The word 'μου' was translated as 'My wife needs rest.' Is that a mistake, or is it just another meaning?
¿En solo un mes ustedes dos ya pueden conversar en griego? (¿O acaso ya se conocían de antes? Anyways, ¡congratulations! I am very proud of you.) ¡Increíble pero real! ¡Good things are happening in Duolingo! =)))
Is your profile picture Jenna Coleman? I'm following you.
NOTE: I apologise for the spammy comment.
Is subject omission common in Greek, or is there something special about this sentence?
Why do i hear not θ'ελω, but θελ'ω in this audio task? Sorry, I can not put an accent sign above the letter.
The audio is a bit shaky for the overall intonation but not wrong. Try clicking to restart it again and again to hear only Θέλω. It is accurate.
On a standard QWERTY keyboard, when switched to Greek, you first hit the key next to L and then, straight away, the key of the vowel you want to add the accent on: ; + α = ά. You won't see anything before you hit the vowel key though.
I see that in Greek you don't say my OBJECT, you say OBJECT my ! I'm happy because it's the same in Romanian. I'm not feeling a weirdo anymore ! :D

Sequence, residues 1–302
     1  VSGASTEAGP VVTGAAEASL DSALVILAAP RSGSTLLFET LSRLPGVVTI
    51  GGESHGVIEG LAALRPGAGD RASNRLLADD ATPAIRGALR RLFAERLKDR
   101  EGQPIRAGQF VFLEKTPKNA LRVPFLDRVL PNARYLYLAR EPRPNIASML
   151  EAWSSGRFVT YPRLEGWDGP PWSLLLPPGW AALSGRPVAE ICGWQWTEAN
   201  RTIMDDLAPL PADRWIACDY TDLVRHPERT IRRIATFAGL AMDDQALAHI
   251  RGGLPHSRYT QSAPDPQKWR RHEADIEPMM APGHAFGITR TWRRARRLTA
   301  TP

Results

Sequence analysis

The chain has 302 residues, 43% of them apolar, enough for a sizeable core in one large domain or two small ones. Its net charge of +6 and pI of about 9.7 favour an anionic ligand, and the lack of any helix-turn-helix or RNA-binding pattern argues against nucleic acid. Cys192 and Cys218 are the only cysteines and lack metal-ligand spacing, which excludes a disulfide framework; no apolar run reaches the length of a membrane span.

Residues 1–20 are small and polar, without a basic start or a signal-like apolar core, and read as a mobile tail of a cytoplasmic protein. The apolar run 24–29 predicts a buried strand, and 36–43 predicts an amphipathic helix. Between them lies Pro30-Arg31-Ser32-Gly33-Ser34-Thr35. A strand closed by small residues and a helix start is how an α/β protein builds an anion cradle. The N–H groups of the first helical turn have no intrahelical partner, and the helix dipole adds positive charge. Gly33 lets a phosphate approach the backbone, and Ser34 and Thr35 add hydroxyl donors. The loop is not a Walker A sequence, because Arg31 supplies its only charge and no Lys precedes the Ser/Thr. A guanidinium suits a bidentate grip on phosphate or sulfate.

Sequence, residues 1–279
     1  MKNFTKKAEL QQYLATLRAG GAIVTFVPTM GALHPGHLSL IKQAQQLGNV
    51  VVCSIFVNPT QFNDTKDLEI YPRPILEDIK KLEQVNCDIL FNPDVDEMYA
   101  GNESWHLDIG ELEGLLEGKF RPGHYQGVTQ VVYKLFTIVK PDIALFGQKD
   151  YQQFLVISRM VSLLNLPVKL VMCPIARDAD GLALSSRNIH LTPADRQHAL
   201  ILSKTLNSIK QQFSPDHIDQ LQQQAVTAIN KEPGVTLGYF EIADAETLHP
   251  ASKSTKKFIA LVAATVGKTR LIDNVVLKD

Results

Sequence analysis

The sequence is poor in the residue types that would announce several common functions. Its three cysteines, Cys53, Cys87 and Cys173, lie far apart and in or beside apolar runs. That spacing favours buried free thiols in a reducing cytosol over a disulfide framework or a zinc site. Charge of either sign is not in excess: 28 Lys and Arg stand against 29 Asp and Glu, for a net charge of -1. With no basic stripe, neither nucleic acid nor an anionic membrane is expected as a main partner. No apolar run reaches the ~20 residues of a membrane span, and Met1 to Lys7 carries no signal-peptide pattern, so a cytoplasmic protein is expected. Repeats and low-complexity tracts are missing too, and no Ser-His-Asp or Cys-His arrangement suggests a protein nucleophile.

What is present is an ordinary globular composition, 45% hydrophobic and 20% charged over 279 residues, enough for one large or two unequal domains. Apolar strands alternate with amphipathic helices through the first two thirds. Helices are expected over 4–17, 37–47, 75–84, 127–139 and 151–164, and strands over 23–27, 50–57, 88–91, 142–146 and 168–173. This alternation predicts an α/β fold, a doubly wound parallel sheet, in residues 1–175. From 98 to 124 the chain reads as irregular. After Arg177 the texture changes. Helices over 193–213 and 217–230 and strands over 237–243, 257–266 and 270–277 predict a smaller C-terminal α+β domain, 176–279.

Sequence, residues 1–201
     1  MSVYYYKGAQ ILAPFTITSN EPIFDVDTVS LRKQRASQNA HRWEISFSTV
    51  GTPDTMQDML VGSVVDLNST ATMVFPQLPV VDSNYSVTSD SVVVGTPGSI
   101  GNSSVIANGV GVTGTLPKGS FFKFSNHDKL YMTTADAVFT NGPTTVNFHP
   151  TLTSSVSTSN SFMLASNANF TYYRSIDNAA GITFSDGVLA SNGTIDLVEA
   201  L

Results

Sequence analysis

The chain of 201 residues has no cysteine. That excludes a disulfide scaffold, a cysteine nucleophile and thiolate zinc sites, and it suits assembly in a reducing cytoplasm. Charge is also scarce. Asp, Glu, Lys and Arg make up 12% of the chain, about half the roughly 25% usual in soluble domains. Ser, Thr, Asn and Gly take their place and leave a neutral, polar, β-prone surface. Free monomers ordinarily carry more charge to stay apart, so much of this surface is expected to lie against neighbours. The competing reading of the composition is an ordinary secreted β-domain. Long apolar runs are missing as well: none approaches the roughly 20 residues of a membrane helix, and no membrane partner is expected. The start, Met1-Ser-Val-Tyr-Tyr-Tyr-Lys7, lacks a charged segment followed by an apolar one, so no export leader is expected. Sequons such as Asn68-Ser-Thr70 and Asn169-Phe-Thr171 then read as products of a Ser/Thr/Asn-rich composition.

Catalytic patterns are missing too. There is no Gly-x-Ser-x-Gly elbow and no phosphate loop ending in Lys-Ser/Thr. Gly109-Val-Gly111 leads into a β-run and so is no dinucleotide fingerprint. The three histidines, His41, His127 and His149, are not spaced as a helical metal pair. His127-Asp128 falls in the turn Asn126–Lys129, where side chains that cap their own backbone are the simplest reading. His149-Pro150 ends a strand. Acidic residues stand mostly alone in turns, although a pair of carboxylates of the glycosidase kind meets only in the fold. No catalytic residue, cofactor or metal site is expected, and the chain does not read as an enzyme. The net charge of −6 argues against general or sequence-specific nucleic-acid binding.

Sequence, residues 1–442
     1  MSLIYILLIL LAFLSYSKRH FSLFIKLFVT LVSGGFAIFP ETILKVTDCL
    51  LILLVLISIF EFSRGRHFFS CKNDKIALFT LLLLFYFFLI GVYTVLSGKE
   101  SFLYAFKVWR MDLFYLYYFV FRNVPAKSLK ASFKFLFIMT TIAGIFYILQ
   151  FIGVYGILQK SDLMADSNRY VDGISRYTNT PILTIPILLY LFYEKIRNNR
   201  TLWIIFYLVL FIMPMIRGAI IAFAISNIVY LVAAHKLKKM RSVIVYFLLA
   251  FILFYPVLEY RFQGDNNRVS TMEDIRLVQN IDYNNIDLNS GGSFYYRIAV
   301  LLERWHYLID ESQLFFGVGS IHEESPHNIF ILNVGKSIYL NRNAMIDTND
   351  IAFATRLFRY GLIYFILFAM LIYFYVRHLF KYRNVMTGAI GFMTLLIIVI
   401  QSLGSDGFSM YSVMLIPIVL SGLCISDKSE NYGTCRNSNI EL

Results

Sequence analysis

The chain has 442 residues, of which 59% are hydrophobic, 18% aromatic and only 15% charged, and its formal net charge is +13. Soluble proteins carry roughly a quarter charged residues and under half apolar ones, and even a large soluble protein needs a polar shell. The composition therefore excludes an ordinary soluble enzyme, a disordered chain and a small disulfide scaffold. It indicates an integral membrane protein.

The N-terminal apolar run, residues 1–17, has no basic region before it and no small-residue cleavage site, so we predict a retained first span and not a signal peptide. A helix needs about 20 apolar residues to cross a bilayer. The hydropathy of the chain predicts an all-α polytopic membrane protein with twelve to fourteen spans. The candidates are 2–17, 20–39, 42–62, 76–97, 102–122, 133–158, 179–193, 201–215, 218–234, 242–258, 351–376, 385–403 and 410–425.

What are the translations for μου? I couldn’t see all of them it cut them off
If "μου" is supposed to mean "my", does it always go after the object? I've also noticed that, in Greek, it seems case is more important than position in the sentence. So does it even matter?
Yes, it goes after the noun (occasionally after an adjective that is before a noun), and there is also the definite article before the noun as well.
So where we say, for example, "my bread", in Greek it's literally something like "the bread my".
You can't say just μου ψωμί or ψωμί μου.
I hear a very definite 'z' sound at the beginning of the Θέλω in the regular speed. It is certainly not there in the slow speed, which is clearly 'th'. I understand the 'th' sound is not the same 'th' as in English, and I don't think I am mis-hearing the 'th' sound. So, my question is, do native Greek speakers actually say something more like "sello" or "zello" in conversation, or is this just another bad recording? Or, perhaps the 'th' is made with a more forceful expulsion of air, almost whistling?